Re: [PATCH net] ppp: ensure minimum packet size in ppp_write()

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On Wed, Jan 05, 2022 at 11:35:52AM -0500, James Carlson wrote:
> On 1/5/22 11:29, Guillaume Nault wrote:
> > On Wed, Jan 05, 2022 at 10:30:09AM -0500, James Carlson wrote:
> >> On 1/5/22 08:19, Guillaume Nault wrote:
> >>> On Wed, Jan 05, 2022 at 03:48:42AM -0800, Eric Dumazet wrote:
> >>>> From: Eric Dumazet <edumazet@xxxxxxxxxx>
> >>>>
> >>>> It seems pretty clear ppp layer assumed user space
> >>>> would always be kind to provide enough data
> >>>> in their write() to a ppp device.
> >>>>
> >>>> This patch makes sure user provides at least
> >>>> 2 bytes.
> >>>>
> >>>> It adds PPP_PROTO_LEN macro that could replace
> >>>> in net-next many occurrences of hard-coded 2 value.
> >>>
> >>> The PPP header can be compressed to only 1 byte, but since 2 bytes is
> >>> assumed in several parts of the code, rejecting such packets in
> >>> ppp_xmit() is probably the best we can do.
> >>
> >> The only ones that can be compressed are those less than 0x0100, which
> >> are (intentionally) all network layer protocols.  We should be getting
> >> only control protocol messages though the user-space interface, not
> >> network layer, so I'd say it's not just the best we can do, but indeed
> >> the right thing to do by design.
> > 
> > Well, I know of at least one implementation that used to transmit data
> > by writing on ppp unit file descriptors. That was a hack to work around
> > some other problems. Not a beautiful one, but it worked.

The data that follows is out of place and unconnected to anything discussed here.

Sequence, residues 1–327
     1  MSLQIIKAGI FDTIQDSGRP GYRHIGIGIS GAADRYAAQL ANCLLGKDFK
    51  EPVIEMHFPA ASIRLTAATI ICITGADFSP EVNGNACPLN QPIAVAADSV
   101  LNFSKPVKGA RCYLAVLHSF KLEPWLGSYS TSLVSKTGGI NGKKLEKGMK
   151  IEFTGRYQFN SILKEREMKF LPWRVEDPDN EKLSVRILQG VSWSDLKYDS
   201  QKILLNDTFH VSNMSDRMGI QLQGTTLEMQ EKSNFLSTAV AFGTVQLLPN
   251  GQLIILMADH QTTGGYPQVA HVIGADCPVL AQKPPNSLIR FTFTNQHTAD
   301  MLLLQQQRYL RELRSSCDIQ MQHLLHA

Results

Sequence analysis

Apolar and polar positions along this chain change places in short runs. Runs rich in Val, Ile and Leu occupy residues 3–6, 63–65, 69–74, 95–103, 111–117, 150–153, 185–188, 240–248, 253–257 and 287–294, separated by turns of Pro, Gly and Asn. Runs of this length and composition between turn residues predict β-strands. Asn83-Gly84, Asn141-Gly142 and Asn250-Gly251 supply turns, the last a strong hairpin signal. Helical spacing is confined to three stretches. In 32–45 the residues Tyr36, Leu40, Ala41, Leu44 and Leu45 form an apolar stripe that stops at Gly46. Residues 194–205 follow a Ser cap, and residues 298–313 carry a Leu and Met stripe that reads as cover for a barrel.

> > 
> So, if you do that sort of hack, then you're constrained to send
> uncompressed protocol numbers regardless of what's negotiated. That
> seems like a tiny concession. (And receivers are required to handle
> uncompressed no matter what LCP negotiation says, per 1661 6.5.)

In the case I was refering to, the program was just retransmitting PPP
frames and wasn't supposed to modify the headers. We now have kernel
support for that, but it landed only one year ago. Before that, the only
option was to write on the ppp fd (btw, that was the channel fd, not the
unit, sorry).

> And I'd still maintain that the intended design is that control
> protocols are handled by the user portion, while network layer protocols
> are connected in the kernel.

Absolutely, I was just pointing out that the kernel doesn't enforce
this design and therefore implementations sometimes ignore it.

Anyway, I don't see any problem with refusing to send packets smaller
than 2 bytes. Hence my acked-by.

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